The role of memory in Marzena Nowak's work also refers to the significance of time in. The passage of time and its function as measure for human actions informs the conceptual approach in her new paintings as well. Here the expressive and emotional aspects of color are subjected to an analytical painterly process executed on a prescreened base, making the act of painting appear like a kind of metric counting process. But within the geometric preset order a free play of colors and structures appears. Density and empty spaces combine into a disturbing spatial weave of a dynamic openness in which deviation and order become continually intertwined. These paintings display a systematic abstraction that still allows for the coincidental and the unpredictable. With their pixilated patterned structure they trace an arc to not only the patchwork of painted gaming pieces but also to the fragmented and patterned, colorful rug objects as well. Even their brightly colored splendor and their ornamental patterns contain gestures of repetition and monotony, thus reflecting memories of days gone by. For the viewer such references turn the individual works into a dynamic and open network and transform the interstices of the exhibition space into an in-between space with 'weight.'

text by: Rainer Fuchs

Originated within the program Signs of Time, the Centre of Contemporary Art in Torun has been opened in 2008 as the first centre since 1939 designed and built in Poland specifically for promoting visual arts and other contemporary forms of expression. After three years of successful activity it can be considered as a fairly 'young' institution which is still in the process of defining of its institutional profile. Project Focus Poland has been conceived as one of the main axes around which this profile should be shaped. It's goal is to position CoCA as a cultural platform able to establish a dialogue with the local environment which not only has a very valuable cultural tradition, but is also an important university centre. At the same time the project wants to respond to the challenges of a newly built institution that has the potential to take part in a wider, national and international artistic discourse. Focus Poland is a project that should shape structurally the identity of the institution as a space of production and diffusion of knowledge, and therefore not only it should provide content for the exhibitive venues, but moreover it should serve the community of art professionals and scholars, students and researchers, as well as artists and even broader public. This project consists in few interlinked levels among which the initial one will be establishment of a database and research centre dedicated to Polish artists of younger generation or to those not yet gained greater international recognition. This will constitute also a point of departure for the research activity of a group of international curators invited to realize an exhibition with an artist of Polish origin within the exhibitive space of CoCA within the quadrennial program that will be realized in the period 2011 / 2014. Focus Poland aims to promote the idea of discursive museum which articulates its activity not only through program of exhibitions but also through a series of other initiatives, including collecting and storing of information about activity of artists of Polish origin, as well as encounters and lectures by involved curators and their involvement in promotional activity of this institution and of Polish art beyond the national borders.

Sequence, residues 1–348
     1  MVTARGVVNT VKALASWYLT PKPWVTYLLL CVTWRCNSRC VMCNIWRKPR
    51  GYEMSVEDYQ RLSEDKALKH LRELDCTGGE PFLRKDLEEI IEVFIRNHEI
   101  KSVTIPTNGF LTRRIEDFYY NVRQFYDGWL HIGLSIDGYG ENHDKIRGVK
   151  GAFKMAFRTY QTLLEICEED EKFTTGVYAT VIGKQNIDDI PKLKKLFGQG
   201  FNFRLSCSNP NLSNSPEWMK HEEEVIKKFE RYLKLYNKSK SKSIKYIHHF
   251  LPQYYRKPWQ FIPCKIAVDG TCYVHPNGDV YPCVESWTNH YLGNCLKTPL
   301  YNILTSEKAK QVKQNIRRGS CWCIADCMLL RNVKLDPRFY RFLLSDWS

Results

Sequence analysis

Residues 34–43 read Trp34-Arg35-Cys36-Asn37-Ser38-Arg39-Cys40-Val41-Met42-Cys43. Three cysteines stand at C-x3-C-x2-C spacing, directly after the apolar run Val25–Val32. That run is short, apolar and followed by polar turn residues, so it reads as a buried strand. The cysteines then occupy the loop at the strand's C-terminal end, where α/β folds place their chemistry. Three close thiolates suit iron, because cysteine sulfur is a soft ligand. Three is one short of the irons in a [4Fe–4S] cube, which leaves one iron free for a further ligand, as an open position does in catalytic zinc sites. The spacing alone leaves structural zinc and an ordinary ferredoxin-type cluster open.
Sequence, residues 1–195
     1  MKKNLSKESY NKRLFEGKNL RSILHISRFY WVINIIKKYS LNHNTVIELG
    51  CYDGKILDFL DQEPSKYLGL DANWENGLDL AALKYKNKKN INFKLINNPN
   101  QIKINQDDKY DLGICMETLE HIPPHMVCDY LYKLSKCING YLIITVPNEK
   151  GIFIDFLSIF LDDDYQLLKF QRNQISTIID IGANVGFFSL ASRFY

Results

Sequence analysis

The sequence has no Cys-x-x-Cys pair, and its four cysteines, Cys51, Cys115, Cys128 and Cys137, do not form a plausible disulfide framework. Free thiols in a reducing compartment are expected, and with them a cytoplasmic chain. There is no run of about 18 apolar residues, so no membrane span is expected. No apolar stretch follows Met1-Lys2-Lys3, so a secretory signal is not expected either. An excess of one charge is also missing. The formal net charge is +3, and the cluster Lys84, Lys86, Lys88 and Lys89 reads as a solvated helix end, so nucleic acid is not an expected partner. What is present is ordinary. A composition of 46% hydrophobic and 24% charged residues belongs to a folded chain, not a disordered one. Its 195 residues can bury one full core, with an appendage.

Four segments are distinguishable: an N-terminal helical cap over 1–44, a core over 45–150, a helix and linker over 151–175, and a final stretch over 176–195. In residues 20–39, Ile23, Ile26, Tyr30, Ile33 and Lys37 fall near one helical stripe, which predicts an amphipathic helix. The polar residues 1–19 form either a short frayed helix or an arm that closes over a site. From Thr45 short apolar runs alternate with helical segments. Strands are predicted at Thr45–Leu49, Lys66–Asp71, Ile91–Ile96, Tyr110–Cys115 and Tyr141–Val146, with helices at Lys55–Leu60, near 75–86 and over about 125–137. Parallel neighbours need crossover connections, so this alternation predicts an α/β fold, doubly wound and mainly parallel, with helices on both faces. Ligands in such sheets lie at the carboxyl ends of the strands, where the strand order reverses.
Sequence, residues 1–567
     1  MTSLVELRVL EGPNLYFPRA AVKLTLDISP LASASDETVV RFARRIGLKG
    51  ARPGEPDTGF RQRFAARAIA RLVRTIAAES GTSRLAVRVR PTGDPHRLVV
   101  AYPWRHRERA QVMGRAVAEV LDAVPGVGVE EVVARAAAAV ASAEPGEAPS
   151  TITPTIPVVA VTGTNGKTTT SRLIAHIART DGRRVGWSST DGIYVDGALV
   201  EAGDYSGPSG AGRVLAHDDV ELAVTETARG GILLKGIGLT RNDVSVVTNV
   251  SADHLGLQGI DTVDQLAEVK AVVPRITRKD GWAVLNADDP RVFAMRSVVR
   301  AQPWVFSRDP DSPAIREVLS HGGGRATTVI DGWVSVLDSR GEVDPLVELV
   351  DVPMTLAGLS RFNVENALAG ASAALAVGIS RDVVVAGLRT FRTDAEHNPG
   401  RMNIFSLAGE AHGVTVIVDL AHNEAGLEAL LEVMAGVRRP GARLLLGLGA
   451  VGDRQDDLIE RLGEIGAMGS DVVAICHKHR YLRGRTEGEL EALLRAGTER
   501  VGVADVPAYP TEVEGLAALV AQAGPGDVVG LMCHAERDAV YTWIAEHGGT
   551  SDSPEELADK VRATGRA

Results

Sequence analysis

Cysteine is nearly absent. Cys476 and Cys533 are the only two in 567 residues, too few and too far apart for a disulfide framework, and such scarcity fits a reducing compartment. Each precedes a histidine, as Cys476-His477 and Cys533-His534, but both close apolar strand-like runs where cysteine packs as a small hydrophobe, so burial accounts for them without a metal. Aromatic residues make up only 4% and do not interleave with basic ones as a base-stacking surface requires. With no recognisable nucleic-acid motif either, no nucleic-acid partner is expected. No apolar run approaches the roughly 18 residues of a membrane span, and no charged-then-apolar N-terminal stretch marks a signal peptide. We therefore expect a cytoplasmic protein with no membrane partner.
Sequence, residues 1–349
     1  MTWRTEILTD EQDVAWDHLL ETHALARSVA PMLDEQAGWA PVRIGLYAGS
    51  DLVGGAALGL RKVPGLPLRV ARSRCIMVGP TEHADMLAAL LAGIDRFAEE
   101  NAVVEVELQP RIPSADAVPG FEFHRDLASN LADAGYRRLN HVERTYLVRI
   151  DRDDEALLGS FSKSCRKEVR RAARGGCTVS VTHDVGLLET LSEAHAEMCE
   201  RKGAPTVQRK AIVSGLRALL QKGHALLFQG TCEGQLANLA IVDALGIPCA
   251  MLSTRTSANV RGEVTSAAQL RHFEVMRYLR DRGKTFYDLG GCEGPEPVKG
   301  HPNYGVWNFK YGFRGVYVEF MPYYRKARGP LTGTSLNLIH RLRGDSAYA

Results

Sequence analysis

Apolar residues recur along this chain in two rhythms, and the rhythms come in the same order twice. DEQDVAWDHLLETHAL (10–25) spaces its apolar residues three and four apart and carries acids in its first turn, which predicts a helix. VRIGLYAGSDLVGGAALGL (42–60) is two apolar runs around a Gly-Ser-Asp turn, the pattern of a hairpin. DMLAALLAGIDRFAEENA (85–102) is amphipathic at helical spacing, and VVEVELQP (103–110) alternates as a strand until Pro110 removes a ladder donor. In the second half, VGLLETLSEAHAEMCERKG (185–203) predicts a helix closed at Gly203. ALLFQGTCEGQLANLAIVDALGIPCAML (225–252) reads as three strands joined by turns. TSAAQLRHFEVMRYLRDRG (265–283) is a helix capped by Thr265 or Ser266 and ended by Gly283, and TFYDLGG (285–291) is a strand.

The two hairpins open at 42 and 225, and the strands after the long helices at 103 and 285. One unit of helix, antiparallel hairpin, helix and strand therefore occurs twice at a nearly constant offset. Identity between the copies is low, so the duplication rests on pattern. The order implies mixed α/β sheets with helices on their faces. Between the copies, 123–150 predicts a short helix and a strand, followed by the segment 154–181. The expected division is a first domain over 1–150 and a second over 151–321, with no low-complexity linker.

text by: Dobrila Denegri (CoCA's artistic director)

only in german

to – Marzena Nowak
Kurator: Rainer Fuchs